Port Performance: Τhe Efficiency Continuum

Port Performance: The Efficiency Continuum

The efficiency of a port is part of a continuum that includes maritime, terminal, and hinterland operations. These dimensions are interrelated since inefficiencies in one dimension are likely to impact the others. For instance, issues in terminal operations are most likely to negatively impact maritime and hinterland operations with delays.

  • Maritime operations. At start, what happens at the port foreland can impact its performance, mainly because a ship could be delayed. The efficiency of the maritime access is a component of port performance, which includes average anchorage time (M1), where ships are waiting for an available berthing slot. Long waiting times at anchorage can be the outcome of a lack of berthing slots able to accommodate specific ship classes (e.g., draft and cargo type) as well as terminal productivity issues. Depending on their site and configuration, ports can have complex in port navigation requiring pilotage and tugs through access channels and turn basins. The average ship turnaround time (or ship dwell time; M2) represents the time it takes to service the ship once it has docked. The value of enhancing such a system is clearly to the benefit of maritime shipping companies.
  • Terminal operations. Represent the most common performance indicator that is used to assess port efficiency. For container terminal operations, this commonly involves several key operations. Crane performance (T1) is a common bottleneck in terms of the average number of crane movements per hour. For maritime shipping companies, this is a crucial factor since it is related to the amount of time their ships will spend at the port. How cargo (containers) is brought back and forth to the storage yard is also a component of port performance and often related to the number of movements per crane hour. Many container terminals use holsters or straddle carriers for such operations. Container storage yard operations involve stacking and related stacking density, an important variable determining terminal capacity. The average yard dwell time (T2) for inbound, outbound, and transshipment cargo is a common indicator of terminal performance. When trucks enter the terminal to pick up or drop off cargo, space and equipment are required. This is often a critical bottleneck for trucking companies since it dictates the amount of time they will spend at the terminal, which is reflected in the average truck turnaround time (T3). Gate performance concerns the efficiency of tasks related to document processing and security inspections so that a truck is admitted and cleared to pick up or drop cargo at the facility. Gates used above their capacity are characterized by long truck lines waiting to be processed and enter the terminal for cargo they are already chartered to handle. Therefore, the average gate waiting time (T4) can be used as a performance indicator. For terminals having on-dock rail facilities, the performance of the rail loading/unloading equipment can also be an important component of the terminal’s performance.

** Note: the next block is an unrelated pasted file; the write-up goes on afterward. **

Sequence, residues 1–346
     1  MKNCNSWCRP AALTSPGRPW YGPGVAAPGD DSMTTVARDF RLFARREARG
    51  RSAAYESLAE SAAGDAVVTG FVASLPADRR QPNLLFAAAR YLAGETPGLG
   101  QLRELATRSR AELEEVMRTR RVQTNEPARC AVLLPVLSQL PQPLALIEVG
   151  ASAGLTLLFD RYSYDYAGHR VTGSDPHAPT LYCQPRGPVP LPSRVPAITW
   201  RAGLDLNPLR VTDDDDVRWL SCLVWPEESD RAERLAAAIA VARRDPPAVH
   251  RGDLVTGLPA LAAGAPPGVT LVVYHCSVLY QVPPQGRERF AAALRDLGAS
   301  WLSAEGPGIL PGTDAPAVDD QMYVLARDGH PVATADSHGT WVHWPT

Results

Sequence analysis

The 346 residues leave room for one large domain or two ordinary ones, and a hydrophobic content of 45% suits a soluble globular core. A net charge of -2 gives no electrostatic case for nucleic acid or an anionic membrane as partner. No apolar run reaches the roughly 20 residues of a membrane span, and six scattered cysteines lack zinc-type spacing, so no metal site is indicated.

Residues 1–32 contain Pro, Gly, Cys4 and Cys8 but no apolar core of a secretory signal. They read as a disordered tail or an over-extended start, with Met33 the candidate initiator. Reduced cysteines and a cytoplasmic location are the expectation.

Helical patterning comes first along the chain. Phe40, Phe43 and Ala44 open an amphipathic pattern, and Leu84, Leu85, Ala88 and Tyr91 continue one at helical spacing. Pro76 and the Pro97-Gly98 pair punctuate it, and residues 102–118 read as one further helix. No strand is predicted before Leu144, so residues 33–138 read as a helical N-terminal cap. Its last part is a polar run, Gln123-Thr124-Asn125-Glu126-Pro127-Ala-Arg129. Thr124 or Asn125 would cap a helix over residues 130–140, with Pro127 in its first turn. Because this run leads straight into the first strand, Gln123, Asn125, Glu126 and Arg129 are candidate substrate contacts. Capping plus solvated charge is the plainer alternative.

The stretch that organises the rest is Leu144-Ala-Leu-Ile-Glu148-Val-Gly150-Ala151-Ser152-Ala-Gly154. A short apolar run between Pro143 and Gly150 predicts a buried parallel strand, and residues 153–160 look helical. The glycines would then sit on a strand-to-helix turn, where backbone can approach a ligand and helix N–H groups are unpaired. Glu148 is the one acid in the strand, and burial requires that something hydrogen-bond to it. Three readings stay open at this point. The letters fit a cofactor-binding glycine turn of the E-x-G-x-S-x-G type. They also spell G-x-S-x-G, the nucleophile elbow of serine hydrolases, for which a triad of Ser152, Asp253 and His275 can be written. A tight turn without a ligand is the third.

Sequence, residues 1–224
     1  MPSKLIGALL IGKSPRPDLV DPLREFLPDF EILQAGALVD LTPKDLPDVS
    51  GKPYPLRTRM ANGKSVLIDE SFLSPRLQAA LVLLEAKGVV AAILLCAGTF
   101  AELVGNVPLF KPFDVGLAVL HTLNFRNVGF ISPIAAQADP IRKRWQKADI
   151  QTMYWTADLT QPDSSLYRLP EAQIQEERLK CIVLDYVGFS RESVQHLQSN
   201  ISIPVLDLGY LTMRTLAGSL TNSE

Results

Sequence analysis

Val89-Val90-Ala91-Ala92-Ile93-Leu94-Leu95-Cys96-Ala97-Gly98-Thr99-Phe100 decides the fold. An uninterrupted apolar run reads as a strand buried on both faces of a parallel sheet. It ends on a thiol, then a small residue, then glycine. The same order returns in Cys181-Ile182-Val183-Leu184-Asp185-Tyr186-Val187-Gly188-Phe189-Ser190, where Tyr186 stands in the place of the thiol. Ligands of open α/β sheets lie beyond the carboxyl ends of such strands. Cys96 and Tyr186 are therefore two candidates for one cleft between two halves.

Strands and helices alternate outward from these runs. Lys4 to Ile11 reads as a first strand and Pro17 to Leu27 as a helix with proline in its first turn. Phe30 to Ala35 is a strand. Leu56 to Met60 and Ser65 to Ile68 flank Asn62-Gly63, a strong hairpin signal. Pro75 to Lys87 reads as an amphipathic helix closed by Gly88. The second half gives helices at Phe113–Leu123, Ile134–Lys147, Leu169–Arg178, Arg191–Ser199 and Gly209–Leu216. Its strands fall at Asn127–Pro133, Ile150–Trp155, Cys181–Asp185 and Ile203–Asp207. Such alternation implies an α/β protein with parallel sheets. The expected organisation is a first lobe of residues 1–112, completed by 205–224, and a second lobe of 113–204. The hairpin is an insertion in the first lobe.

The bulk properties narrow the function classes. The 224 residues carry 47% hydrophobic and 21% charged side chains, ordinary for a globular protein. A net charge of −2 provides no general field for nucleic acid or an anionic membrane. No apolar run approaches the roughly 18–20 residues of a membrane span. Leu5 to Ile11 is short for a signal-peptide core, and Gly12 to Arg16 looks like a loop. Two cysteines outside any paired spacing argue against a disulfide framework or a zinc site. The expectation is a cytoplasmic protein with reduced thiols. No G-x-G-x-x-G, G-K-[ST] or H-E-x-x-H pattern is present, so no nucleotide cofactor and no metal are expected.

• Hinterland operations. The efficiency of transport operations beyond the terminal is usually not considered as port performance indicators. They involve all the transport and distribution activities servicing the port’s customers, such as an inland port. However, for practical purposes, it generally focuses on inland operations adjacent to the port area (often labeled as the back of port). The key factor in hinterland operations is the capacity of the local road network in areas adjacent to the port. Congestion and bottlenecks at street intersections impair the port’s performance in many of the supply chain management strategies of the port’s customers. Some ports have near-dock rail yards that must be serviced through the terminals’ gates. In many gateway ports, transloading activities that transfer the contents of maritime containers into domestic truckloads (or domestic containers), or vice-versa, are an element of the performance of hinterland operations. Port authorities have an oversight, either directly or indirectly, of the port efficiency.

While terminal operations are usually concessioned to private operators, port authorities tend to have direct oversight of maritime operations and several elements of hinterland operations, such as local roads directly connected to the port terminals, some of which on land owned by the port. Although cities are not directly involved in port operations and commonly have limited, if any, jurisdiction on port land, they commonly provide and maintain crucial road infrastructure connecting the port with its hinterland. They also bear many of the externalities of port operations, namely local congestion. Therefore, the port authority and the city are important stakeholders in the port performance continuum.